He says Spencer runs around the house looking for his wife. I’m confused, maybe he’s getting old or my Spanish is rusty, but in the haste of our departure, he tells me he misses his wife through strange analogies to warm beds and laughter.
“Adios Tio,” I smile, with my awkward, is-my-Spanish-good-enough despedida. And I hear Christmas around the corner in the cold wind rushing in from outside as the family leaves and closes the door behind them.
Most of my artwork is intuitive, meaning I have no specific assumptions for what I am creating, but rather my hands roam free and record struggles, frustrations, and emotions at the moment of conception. The Day of the Dead is a time of deep reflection on my departed relatives. While death is a way of transcending to another stage of life, it is also a celebration because it brings families together to remember and pay tribute to their departed relatives.
Upon my arrival to the United States in 2000, I started new in Chicago and left behind 15 years of life in my native Jalisco, México. The most moving memory of my departure is el último adiós (the last goodbye) to my abuelita María Tejeda de Jiménez.
…I remember vividly being on my knees in front of an altar of La Virgen de Guadalupe she had created in the living room, as she was giving me her blessings; she hugged me tight and slid $50 into my pocket. She said to me “be good and help your parents, they have worked hard for you and your siblings’ future ” Tears started to travel down her cheeks as she was praying Padre Nuestro, and it was hard to keep myself from crying. After our last goodbye is when my journey began. Now I welcome my abuelita to Chicago with this ofrenda, making her feel at home.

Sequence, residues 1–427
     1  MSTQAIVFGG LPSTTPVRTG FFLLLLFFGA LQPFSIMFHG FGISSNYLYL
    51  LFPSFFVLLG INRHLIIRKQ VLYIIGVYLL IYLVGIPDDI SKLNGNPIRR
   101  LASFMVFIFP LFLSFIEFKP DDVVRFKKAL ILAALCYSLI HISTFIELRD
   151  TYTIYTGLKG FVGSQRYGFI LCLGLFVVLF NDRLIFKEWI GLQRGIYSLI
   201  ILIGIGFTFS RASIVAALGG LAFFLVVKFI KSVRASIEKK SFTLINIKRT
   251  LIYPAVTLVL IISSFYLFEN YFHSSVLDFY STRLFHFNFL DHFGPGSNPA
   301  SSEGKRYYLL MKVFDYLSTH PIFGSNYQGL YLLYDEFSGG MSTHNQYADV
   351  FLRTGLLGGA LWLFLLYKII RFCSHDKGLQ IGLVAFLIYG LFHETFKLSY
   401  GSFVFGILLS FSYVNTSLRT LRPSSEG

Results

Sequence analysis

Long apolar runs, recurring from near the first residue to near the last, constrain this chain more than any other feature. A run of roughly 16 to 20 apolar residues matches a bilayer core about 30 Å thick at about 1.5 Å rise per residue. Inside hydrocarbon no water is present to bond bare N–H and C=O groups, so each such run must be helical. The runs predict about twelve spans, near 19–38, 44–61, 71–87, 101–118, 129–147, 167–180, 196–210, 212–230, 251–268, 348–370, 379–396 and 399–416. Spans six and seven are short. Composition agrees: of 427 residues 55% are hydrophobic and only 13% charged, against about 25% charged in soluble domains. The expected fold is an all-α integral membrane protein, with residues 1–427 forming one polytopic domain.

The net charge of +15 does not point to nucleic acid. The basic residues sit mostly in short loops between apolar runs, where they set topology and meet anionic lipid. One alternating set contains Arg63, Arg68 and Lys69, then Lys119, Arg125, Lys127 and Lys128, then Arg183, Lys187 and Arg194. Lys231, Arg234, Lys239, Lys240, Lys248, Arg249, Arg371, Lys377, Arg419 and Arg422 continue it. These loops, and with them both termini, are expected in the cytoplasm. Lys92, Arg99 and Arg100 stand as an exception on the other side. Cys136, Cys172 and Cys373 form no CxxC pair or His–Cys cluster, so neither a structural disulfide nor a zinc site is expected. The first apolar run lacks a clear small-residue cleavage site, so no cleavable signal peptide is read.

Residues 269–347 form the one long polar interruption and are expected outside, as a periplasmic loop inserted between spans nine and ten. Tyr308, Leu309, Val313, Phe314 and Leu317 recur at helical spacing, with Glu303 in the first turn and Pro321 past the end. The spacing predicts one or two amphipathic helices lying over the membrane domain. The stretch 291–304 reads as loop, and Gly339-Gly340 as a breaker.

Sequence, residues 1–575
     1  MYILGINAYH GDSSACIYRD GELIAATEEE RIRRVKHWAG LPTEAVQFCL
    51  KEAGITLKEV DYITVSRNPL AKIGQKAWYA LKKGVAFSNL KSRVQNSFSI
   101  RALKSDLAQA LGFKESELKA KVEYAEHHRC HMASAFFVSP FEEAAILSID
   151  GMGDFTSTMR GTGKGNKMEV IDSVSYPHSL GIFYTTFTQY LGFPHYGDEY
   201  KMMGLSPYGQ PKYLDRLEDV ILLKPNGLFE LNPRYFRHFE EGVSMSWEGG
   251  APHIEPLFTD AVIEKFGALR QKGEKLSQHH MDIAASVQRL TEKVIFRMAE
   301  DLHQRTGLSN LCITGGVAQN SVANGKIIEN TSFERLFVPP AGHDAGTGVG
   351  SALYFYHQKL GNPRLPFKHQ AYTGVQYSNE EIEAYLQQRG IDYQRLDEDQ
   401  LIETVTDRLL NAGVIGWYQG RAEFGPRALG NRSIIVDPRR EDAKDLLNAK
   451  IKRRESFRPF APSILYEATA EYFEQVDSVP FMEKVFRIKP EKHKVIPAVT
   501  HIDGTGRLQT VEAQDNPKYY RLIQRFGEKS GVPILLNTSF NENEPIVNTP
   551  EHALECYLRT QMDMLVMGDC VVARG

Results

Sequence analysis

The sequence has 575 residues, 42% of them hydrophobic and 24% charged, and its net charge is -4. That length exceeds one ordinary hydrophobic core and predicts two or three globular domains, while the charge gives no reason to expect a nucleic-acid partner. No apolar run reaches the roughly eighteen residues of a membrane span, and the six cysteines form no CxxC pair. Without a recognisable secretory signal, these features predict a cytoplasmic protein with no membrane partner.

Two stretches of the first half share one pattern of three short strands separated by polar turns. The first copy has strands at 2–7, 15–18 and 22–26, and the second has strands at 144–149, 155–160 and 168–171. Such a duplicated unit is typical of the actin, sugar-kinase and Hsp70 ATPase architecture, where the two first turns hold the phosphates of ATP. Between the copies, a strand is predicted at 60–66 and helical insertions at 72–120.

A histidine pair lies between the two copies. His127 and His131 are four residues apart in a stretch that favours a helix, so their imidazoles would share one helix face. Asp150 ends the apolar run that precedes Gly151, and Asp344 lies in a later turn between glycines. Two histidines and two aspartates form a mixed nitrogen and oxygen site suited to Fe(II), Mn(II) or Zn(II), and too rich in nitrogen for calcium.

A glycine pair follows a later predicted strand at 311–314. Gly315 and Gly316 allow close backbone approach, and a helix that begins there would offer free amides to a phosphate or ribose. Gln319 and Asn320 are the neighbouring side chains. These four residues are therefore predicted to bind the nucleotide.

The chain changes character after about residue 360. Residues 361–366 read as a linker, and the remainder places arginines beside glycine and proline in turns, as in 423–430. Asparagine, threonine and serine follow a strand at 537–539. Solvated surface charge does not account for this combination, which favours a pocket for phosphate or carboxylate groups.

Jamie Lynn Nuffer (New-fur…she’d want the phonetic there) was born September 18th, 1981 and passed away May 2, 1998 in a car accident. Speeding as teenagers often do, she over-corrected when the car veered off slightly onto the shoulder of the road. Of course, when you’re speeding without wearing a seat belt, there’s no such thing as slight. There’s no such thing as a slight broken pelvis, a slight punctured lung, and a slight-looking bump on the head. These invisible and slight-looking signs of harm were too much for her little body to handle. We donated all her organs about a day later.
My sister was very silly. When she’d laugh really hard, her true laugh would come out, this saw-like howl. I actually remember the last time I heard this sound. It was one sunny day after tackling her to the ground and grabbing her sides. She was quite a bit smaller than me, and we were both used to her provoking me and me retaliating in return with a punitive tickle. Aristotle believed that a baby was born without a soul until the day came when the baby would have its first laugh. It was only until then that the soul would be inhaled and its presence known to the world. My sister’s laugh had this sort of quality of soul. I’ve never known the sound of its equal.
I think of her often as she was supposed to be the one to settle down early, have kids, and pass on this wonderful and strange sound of joy that resides dormant most of the time in my own genes.